Monday, March 7, 2011

Pat and Jody's Sober Valley Ranch Pub

My mom used to have this "house outfit" that was Wildcat Blue, was one piece, and was accentuated with rainbow rings around the wrists and ankles.  It was made of a nubby wool/poly blend and it zipped all the way up the front.  Basically, it was like an adult onesie.  

"Go get my blue thing," she would say as she lit a cig and poured herself an ice tea.  My parents are not drinkers.  With all of the bizarre things that my mother says, as she lights a cig, you would think it would be punctuated by a shot of whisky or her popping open a tallboy, but that was almost never the case.

We did not have alcohol in the house unless someone brought it in and left it there.  It would literally sit there until the person came back - until my brother and I hit high school, that is.  Then, we would wait until the person left and my Dad would put it in the pantry while Pat and I acted like we were indifferent to what was going on, and then as soon as my Dad left the kitchen, we would swipe it and run upstairs giggling.

When I think of the dynamics of my house, I am always reminded of that movie "The Twilight Zone".  You know the episode in it where the woman hits the boy on the bike and he takes her back to his house and all of those people are there (his "fake" family) that he won't allow to leave?

Remember when he was showing her the house and they got into her purse and they were smoking her cigarettes and spraying her perfume while they rummaged through her wallet?  Well, that is what my house is like.  Even to this day.  If you bring something in, everyone just seizes on it, because it is foreign (or farn) and exotic.  It is their little glimpse into the outside world.

"Oooooh," my mom will say after I come back from the Fresh Market near their house, "What's this?"  Then, I open it and start to eat, "Is it good?  I never would have thought to put those two things together - cheese and broccoli."

"You wanna bite?" I say, rolling my eyes, with my mouth half full.

"Well, yea.  I'll try some."  EVERY time.

When Brad and I go to Louisville and we go out to dinner and bring back leftovers, they are gone before the morning.  You go to get donuts for the kids - gone before you can finish your coffee.

Curiously, the only thing that stays and stays, is liquor. You know what else is curious?  That my mother just built a bar in the basement.  All that woman needs, is an excuse to buy things and then decorate.

Okay, just to be clear, neither my mother nor my father drink.  Well, that is not entirely true.  My mom drank last Spring Break because the two of us drove to Vero Beach with the three kids.  That would drive even the strictest teetotaler to drink.  The woman is only human.  Anyway, do you know anyone (who isn't in a 12 step program or prison) that can tell you with any confidence that the last time they drank was last March?  So this is why I am fascinated by my parents' "pub" in the basement.

She has every bar glass imaginable with the Schell monogram or crest.  To my knowledge, we are neither royalty, nor Gaelic, but if it is on the internet, my mother can find it and justify it!  My favorites are the various shot glasses that she identifies with (There is the UK one, the Derby one, the Ohio State one, etc.) arranged  on a mirrored tray.  Do she and my Dad fill them up with ice tea on a Saturday night and line them up and shoot them?  Do she and her best friend, Norletta, clank their metal covered steins together and slurp down frosty Diet Cokes together?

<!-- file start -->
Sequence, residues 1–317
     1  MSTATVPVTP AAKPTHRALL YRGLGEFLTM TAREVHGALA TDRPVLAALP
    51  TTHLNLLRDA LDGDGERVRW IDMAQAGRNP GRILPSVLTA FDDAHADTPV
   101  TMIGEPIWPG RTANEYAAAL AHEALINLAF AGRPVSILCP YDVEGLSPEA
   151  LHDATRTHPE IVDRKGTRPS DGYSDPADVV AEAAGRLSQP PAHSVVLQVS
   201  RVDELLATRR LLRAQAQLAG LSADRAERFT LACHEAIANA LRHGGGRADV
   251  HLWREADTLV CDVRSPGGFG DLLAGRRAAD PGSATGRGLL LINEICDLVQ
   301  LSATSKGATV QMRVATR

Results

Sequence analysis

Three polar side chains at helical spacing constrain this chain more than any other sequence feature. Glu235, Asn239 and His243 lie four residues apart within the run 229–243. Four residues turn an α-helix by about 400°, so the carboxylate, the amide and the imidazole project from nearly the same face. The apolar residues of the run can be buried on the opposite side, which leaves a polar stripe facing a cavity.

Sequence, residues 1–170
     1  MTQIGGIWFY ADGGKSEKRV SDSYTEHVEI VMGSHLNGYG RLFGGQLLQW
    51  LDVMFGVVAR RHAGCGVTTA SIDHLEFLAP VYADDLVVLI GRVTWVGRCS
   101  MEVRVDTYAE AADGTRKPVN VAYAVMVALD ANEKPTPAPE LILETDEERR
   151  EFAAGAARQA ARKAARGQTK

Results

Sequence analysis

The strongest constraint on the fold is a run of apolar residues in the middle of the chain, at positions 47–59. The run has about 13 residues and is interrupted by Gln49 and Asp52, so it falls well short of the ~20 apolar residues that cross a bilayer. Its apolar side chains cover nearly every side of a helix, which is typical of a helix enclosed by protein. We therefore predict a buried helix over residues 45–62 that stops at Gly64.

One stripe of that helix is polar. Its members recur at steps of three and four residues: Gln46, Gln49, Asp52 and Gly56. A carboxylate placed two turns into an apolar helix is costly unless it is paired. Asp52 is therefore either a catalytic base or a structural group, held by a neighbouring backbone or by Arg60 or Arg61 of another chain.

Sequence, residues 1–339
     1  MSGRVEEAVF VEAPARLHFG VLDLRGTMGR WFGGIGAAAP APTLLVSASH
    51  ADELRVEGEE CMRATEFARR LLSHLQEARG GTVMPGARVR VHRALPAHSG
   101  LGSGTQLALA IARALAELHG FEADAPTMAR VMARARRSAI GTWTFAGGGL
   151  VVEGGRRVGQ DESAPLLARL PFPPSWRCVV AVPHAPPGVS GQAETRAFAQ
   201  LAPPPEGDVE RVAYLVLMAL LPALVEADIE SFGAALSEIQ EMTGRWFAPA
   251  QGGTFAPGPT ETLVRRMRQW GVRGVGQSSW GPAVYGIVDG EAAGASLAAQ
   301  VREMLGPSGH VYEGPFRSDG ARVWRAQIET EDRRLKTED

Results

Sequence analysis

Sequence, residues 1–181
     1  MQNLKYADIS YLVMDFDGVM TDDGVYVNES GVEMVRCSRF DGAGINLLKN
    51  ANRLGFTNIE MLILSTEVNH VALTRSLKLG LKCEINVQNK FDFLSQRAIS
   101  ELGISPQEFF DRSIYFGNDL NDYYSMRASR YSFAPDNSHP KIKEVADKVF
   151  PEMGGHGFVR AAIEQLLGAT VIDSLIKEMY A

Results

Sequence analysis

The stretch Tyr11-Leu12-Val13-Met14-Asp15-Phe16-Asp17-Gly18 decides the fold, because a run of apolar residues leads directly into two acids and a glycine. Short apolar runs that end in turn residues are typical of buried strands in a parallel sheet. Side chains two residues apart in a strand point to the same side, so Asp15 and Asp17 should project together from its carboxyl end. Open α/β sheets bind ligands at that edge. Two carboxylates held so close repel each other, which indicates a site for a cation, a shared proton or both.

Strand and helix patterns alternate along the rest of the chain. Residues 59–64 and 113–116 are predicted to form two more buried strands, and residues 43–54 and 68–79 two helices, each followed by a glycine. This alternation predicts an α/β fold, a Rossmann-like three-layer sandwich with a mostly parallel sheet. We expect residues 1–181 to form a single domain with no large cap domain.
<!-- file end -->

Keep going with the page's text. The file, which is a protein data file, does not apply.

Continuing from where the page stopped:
"Idn't this cute?  Look at this one?  You know Norletta and I found that right in Simpsonville?  She got one too."  Norletta hasn't had anything stronger than a Diet Root Beer in decades.  She is also "doin' a pub."  I should go see it.  "It's nicer then mine, though."  Norletta's stuff always is.  "She has walls."

What is funny to me is that she actually decorated the basement before she redid it.  The floor is concrete and there is no dry wall, but there is a flat screen tv, a leather sectional, a game table, bar stools, a refrigerator, and a full bar with no liquor. When I say it is jam packed with barlike paraphenalia, I am not exaggerating.  There is so much stuff with our "family crest" on it and our monogram, it actually makes me nervous and I make excuses to go upstairs.

"I like the feature of being able to sit at the bar and watch dad do his laundry. Is that a European tradition, as well." I say, as we sit next to each other at the bar."

"Now, we're gonna drywall it in the Spring, ya' little smartass," my mom starts to laugh, "Ooooh, did I show you this?  "Idn't it cute.  It was only $25.00, well, plus monogramming and shipping."  She picks up an ashtray with "Pat's Bar" on it that has a sheep playing pool. Neither one of them smoke anymore and no one is allowed to smoke in the house.

"Sweet."  I respond.  "I'm gonna go see what Brad's doin'," I jump off the bar stool and make a run for it.  All this stuff is giving me the creeps.

"Wait,"  my mom yells after me as I climb the stairs, "Have you seen this?"  When I glance back, as I take the stairs two at a time, she is holding up a huge wood sign advertising "Pat and Jody's Irish Pub."  I feel bile rise up in my throat.  Now I'll be honest, I have felt sick after going to a bar before, but I was never sober at the time.

My favorite upscale bar in town is The Rossi.  I just went to Surly Girl  this weekend and it was really cool, too.  Johnny's Tavern is my ALL TIME favorite, though, and it deserves it's own series of posts.  It is in Grandview and you can always find a great incoherent conversation with one of the regulars.  They make Charlie Sheen look a logic professor.

Picture above is from last Spring Break.  The martini glasses held ice cream, in case anyone from Children's Services is reading this.

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